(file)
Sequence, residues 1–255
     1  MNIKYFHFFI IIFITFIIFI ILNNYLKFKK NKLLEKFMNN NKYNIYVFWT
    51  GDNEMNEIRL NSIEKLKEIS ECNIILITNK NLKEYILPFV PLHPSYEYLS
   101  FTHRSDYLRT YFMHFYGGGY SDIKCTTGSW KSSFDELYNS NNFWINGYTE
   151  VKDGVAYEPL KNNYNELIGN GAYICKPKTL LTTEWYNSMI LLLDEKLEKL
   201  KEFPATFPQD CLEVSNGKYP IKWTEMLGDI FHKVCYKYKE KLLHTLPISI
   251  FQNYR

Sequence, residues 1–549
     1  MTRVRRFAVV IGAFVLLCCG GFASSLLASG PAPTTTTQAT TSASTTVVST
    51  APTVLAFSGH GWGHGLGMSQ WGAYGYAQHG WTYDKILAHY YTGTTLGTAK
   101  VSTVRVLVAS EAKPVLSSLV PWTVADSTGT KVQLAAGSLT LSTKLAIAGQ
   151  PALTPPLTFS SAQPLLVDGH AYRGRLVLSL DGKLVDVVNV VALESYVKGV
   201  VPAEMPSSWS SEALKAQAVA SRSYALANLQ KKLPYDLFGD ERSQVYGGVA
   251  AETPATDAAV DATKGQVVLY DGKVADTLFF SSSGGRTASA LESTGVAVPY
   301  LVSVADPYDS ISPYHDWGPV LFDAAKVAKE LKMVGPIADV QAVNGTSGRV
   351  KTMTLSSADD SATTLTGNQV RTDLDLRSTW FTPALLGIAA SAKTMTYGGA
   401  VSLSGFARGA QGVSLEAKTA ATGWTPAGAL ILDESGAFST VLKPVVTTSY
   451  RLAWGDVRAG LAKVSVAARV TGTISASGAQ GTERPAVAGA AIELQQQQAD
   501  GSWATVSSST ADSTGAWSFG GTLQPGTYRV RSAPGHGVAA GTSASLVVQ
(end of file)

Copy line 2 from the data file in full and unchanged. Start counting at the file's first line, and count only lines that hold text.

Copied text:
     1  MNIKYFHFFI IIFITFIIFI ILNNYLKFKK NKLLEKFMNN NKYNIYVFWT